His long-awaited debut album, 99.9%, pushes that outside-of-time logic even further, setting rising talents like rapper Vic Mensa and jazz experimentalists BadBadNotGood alongside unsung veterans like Craig David and Phonte of Little Brother. Whereas lesser producers would be overshadowed by such a cabal of guests, here, they only serve to accentuate the producer's kaleidoscopic, percussion-first instrumentals. "You're the One," a collaboration with vocalist Syd tha Kyd, is a frontrunner for the best distillation of the Kaytranada sound. From the hand claps, to the Internet co-founder's feather-light coos, to its reverberating synth bass, the track flows through you in an instant, infectious, loving rush of music.—Britt Julious
Brian Eno famously first conceived of the idea of ambient music while bedridden after he was hit by a car. Unable to get across the room to turn up the stereo—so the story goes—he found himself annoyed by, then enamored of music that blended into the room's preexisting sonic environment. The genre he proposed was to be—as he wrote in the liner notes for Music for Airports—as "ignorable as it is interesting." But the beauty of For Those of You Who Have Never (And Also Those Who Have)—the producer Brian Leeds' first album-length foray into ambient music—is in its apparent rejection of this idea.
Leeds has said that he too uses this music to relax and recover while on his intercontinental travels between DJ sets. But this album is nestled more in the lineage of Hiroshi Yoshimura's new age-adjacent tone pieces than the delicate drones of the Eno strain of ambience. There's just a whole lot more movement on For Those of You than you might expect from an ambient record, from spectrally swelling synthesizers and gently sequenced electronics, to pieces that sound like sleepwalking club tracks with the drums skillfully excised. Instead of augmenting the spaces you inhabit, this gauzy latticework breathes and coalesces into something darker, wispier, more cocoon-like. The album's not a way of coping with the world around you; it's another world entirely.—Colin Joyce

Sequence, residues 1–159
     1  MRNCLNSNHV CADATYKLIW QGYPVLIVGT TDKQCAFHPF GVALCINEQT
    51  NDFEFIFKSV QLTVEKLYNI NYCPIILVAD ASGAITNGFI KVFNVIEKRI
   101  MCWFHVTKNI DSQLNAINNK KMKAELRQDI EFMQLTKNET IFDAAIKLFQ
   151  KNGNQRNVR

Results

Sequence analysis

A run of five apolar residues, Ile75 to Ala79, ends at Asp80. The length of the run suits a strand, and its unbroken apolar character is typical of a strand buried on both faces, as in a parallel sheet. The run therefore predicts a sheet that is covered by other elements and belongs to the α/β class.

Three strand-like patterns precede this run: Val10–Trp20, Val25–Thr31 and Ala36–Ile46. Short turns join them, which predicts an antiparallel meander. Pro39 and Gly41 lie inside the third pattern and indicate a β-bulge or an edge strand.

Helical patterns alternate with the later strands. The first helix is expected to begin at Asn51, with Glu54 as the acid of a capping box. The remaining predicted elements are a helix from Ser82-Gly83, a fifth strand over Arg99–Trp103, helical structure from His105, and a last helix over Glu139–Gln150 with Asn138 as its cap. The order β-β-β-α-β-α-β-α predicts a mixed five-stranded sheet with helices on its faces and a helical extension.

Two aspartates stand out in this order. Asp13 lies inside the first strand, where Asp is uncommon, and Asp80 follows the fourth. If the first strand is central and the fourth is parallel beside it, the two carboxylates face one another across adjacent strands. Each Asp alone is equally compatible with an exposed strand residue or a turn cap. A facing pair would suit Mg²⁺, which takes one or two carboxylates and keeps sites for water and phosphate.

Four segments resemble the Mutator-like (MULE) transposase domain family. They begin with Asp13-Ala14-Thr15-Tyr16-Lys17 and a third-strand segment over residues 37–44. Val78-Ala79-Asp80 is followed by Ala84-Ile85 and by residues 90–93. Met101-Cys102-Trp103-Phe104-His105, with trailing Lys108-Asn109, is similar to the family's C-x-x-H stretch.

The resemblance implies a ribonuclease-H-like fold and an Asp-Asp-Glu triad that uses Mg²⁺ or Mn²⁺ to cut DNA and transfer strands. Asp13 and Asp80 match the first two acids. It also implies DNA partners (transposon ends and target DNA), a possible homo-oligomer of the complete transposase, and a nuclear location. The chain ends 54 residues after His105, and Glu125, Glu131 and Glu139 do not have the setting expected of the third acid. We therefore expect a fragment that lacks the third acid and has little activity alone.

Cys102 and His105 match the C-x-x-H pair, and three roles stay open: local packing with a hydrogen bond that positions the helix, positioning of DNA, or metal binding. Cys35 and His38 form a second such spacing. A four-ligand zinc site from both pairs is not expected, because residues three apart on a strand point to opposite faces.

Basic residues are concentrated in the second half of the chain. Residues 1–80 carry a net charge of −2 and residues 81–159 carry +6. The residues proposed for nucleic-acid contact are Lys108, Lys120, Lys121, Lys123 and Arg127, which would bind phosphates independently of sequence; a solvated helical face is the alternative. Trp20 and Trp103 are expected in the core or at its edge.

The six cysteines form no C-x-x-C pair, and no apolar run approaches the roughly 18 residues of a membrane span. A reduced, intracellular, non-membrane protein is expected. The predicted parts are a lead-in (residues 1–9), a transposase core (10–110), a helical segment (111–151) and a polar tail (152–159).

Earlier this year, sitting in the lobby of the Roxy Hotel in Lower Manhattan, ANOHNI informed me that she was going on an "eyes-wide-open" campaign.
"How wide can I hold my eyes, how much can I try to see, knowing that I'll never see it all?" she mused. The former Antony and the Johnsons mastermind was referring, of course, not to the physical faculty of sight, but to a kind of psychic equivalent of it—a willingness to hold open a space in her heart and her mind for the alarming headlines about American foreign policy and corporate surveillance and climate change she'd been reading in the news for the past 15 years, to allow the terror and sadness they elicited in her to sink in, to refuse to look away. Later on, I realized that she'd offered me a pretty perfect summation of what it means to be an artist—not to report the news, but to channel what it feels like to live it, to articulate what it feels like to be human in the midst of, or in spite of, the political, social, and economic realities of one's time.
Hopelessness, her sixth album, embraces this definition of art more literally than most, using palatial, club-inspired production from Hudson Mohawke and Oneohtrix Point Never as a launch pad for some of the most disarmingly direct social commentary our generation has heard from an artist. She sings a song about Obama that calls the president by name. She sings a song from the perspective of a young girl whose family has been killed by an American drone bomb, and another about how incremental temperature changes may be slowly killing off species of flora and fauna.
Were it not for the motherly cradle of her voice and the ecstatic bombast of the synthetic horns and strings, it would all probably be too much to take in—and to many listeners, it probably was. But after the election, it's hard to avoid the feeling that while many of us spent that past few years hermetically sealed inside our hyper-liberal Facebook bubbles, blissfully ignorant of the things we didn't want to see, ANOHNI was already looking. That didn't make Hopelessness any less quixotic, any less crazy of an undertaking; it just reminded us that it was only as crazy as the world that ANOHNI is singing about.—Emilie Friedlander